The funding for humanitarian response to the Rohingya living at multiple camps in Cox's Bazar is declining, giving Bangladesh serious cause for concern.
As of August 24, only $330 million out of $920 million required to last the remaining months of 2019 was available, said Inter-Sector Coordination Group (ICSG).
The amount is only 36 per cent of the total annual requirements, said officials of ICSG, a platform of global volunteer agencies working at Rohingya camps.
The ration was more than 50 per cent in the corresponding period last year.
In 2017, 73 per cent of the required fund was available from donors. It was 71 per cent in 2018.
This year, it may not exceed the 70-per cent mark, officials said.
"The situation is alarming as foreign funds for the Rohingya have been declining. Bangladesh has already spent large amounts for them," said foreign minister Dr AK Abdul Momen.
"It is not possible for us to continue with such support ceaselessly," he told the FE.
"We're desperately looking for quick repatriation of the Rohingya. It will be good for them as thousands of children are here without proper education."
"We urge the Myanmar authorities to take immediate steps, including ensuring an environment conducive to the return of their people," Mr Momen continued.
According to ICSG, the United States has been the biggest donor this year with $116.6 million followed by Australia, the European Commission and Japan.
They provided $32.3 million, $31.1 million and $30.9 million respectively.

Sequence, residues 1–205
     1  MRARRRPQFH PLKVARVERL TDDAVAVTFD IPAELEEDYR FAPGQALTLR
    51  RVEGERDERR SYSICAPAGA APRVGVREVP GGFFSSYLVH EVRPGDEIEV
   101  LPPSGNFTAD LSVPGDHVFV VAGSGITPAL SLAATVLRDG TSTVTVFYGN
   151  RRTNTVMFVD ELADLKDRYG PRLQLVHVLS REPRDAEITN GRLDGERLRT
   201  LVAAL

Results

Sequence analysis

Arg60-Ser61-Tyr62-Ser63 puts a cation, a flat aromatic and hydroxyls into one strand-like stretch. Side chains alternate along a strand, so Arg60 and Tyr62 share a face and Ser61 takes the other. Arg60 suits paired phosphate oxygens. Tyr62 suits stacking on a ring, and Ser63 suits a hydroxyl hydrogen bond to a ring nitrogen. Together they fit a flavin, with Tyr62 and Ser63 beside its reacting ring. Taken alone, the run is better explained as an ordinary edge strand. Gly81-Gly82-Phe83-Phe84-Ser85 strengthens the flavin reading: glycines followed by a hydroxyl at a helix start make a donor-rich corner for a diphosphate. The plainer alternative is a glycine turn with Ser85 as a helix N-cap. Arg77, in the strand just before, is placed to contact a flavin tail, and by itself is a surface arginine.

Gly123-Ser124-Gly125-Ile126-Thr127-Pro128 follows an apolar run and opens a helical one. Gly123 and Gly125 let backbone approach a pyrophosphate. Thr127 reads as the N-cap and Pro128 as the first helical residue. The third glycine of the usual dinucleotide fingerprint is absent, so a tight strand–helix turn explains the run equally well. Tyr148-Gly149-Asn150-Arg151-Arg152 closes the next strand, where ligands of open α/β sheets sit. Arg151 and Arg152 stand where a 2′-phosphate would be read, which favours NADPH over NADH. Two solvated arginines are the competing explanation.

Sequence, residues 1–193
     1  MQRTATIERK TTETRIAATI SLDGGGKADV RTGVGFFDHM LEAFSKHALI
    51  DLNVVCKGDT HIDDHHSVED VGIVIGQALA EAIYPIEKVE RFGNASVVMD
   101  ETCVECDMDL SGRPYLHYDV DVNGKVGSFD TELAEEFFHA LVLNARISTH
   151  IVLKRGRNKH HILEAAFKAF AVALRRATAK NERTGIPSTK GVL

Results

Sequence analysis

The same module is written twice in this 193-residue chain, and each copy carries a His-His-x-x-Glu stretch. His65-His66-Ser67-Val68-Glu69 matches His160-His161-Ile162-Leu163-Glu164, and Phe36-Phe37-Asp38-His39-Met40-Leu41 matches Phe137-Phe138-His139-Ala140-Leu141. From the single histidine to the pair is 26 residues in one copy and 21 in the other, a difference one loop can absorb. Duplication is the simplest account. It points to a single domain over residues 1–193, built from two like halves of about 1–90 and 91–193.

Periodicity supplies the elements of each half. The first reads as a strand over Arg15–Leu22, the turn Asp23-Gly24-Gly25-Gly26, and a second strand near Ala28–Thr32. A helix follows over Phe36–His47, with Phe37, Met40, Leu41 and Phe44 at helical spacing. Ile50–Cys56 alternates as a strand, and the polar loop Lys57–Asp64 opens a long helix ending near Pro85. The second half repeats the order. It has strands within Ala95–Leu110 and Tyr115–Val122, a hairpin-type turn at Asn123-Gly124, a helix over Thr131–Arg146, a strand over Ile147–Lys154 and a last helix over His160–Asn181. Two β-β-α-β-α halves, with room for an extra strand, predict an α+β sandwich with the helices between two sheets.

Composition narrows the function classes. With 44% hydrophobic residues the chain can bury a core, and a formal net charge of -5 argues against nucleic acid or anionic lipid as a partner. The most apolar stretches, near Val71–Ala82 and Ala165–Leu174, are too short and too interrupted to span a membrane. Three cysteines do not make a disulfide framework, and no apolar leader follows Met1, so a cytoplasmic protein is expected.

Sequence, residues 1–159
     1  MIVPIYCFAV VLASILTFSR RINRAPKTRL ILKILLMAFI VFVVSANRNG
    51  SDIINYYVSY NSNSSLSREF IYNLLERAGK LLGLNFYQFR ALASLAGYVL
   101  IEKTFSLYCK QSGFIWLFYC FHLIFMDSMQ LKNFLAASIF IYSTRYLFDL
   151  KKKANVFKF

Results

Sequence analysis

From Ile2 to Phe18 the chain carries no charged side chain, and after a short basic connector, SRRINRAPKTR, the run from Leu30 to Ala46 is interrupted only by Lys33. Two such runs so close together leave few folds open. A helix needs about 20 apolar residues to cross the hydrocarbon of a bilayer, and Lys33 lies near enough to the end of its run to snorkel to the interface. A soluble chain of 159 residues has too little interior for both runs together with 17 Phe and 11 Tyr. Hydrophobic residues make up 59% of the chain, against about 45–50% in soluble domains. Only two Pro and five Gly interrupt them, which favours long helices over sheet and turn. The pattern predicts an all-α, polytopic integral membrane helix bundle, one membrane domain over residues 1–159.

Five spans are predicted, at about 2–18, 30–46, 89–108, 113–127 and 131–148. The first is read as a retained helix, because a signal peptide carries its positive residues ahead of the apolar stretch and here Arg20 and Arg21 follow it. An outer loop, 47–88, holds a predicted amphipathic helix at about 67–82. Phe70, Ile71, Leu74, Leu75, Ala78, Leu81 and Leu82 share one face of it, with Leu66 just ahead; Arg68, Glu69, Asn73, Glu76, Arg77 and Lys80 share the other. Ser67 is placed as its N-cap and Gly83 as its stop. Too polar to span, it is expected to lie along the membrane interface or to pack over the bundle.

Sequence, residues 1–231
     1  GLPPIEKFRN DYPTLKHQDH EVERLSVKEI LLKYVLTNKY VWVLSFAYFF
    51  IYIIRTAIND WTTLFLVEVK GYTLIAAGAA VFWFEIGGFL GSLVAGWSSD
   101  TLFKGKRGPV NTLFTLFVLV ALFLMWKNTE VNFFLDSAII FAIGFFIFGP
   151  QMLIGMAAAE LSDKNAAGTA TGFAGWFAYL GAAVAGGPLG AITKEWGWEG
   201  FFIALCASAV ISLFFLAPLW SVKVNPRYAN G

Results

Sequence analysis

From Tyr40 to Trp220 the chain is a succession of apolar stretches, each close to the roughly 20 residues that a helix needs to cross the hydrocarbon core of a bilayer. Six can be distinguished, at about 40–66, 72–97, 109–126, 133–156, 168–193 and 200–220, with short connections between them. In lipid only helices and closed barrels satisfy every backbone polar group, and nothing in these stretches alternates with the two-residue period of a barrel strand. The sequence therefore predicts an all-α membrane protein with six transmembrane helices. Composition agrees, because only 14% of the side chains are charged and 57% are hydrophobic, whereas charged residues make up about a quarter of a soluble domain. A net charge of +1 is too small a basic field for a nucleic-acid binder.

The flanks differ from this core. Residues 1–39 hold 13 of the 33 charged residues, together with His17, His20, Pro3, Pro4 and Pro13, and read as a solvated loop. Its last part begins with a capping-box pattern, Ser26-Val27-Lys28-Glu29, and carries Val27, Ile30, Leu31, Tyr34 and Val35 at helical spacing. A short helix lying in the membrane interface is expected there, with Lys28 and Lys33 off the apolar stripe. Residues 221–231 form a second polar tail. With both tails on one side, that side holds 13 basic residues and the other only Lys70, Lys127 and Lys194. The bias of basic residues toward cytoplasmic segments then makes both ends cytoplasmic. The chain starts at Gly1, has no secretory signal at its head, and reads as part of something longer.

An analysis of the sector-wise funding shows $8.6 million was funded for child protection against the required $23.5 million.
Food security sector got $86.9 million against the required $254.1 million.
Likewise, health care received $13.1 million against the required $88.7 million.
For protection, $9.7 million was funded against $38.9 million required. For nutrition, $13.8 million was allocated against $48.1 million.
According to the statement, only $15.6 million went to the shelter sector against the required 128.8 million.
"It's a global phenomenon that such funds gradually decrease with the emergence of new priorities to the donors," observed international relations expert Prof Imtiaz Ahmed of Dhaka University.
The government and the humanitarian organisations should chalk up plans to address this, he told the FE.
However, in the wake of a slide in funding, international agencies are working on a medium-term strategy to continue with the humanitarian response.
"As new conflicts and crises emerge, and donor fatigue looms large, the international community must move from a short-term, aid-oriented response... to support Bangladesh," said Centre for Global Development.
This international research organisation has been working for sustainable humanitarian response to the oppressed Rohingya community.
These commitments would recognise the global public good Bangladesh is providing and would enable the country to continue its impressive development trajectory.
The components of the medium-term strategies are: Stimulate private-sector investment, promote employment-oriented skills development and acceleration of forest and landscape restoration.
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